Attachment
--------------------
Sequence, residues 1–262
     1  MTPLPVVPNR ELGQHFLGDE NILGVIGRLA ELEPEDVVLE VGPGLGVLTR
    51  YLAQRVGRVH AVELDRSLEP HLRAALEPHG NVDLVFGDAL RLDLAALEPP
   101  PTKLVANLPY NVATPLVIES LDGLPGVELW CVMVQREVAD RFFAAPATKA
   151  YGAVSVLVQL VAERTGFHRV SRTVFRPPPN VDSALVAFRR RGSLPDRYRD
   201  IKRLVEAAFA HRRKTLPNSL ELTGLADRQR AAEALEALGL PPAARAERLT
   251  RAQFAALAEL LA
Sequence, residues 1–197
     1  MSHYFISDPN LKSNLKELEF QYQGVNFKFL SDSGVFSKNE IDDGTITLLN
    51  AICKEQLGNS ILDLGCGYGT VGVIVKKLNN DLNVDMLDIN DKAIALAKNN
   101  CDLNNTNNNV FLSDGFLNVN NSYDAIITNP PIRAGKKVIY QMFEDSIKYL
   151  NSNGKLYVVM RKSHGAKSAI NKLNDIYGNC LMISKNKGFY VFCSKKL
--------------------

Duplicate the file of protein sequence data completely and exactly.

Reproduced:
Sequence, residues 1–262
     1  MTPLPVVPNR ELGQHFLGDE NILGVIGRLA ELEPEDVVLE VGPGLGVLTR
    51  YLAQRVGRVH AVELDRSLEP HLRAALEPHG NVDLVFGDAL RLDLAALEPP
   101  PTKLVANLPY NVATPLVIES LDGLPGVELW CVMVQREVAD RFFAAPATKA
   151  YGAVSVLVQL VAERTGFHRV SRTVFRPPPN VDSALVAFRR RGSLPDRYRD
   201  IKRLVEAAFA HRRKTLPNSL ELTGLADRQR AAEALEALGL PPAARAERLT
   251  RAQFAALAEL LA
Sequence, residues 1–197
     1  MSHYFISDPN LKSNLKELEF QYQGVNFKFL SDSGVFSKNE IDDGTITLLN
    51  AICKEQLGNS ILDLGCGYGT VGVIVKKLNN DLNVDMLDIN DKAIALAKNN
   101  CDLNNTNNNV FLSDGFLNVN NSYDAIITNP PIRAGKKVIY QMFEDSIKYL
   151  NSNGKLYVVM RKSHGAKSAI NKLNDIYGNC LMISKNKGFY VFCSKKL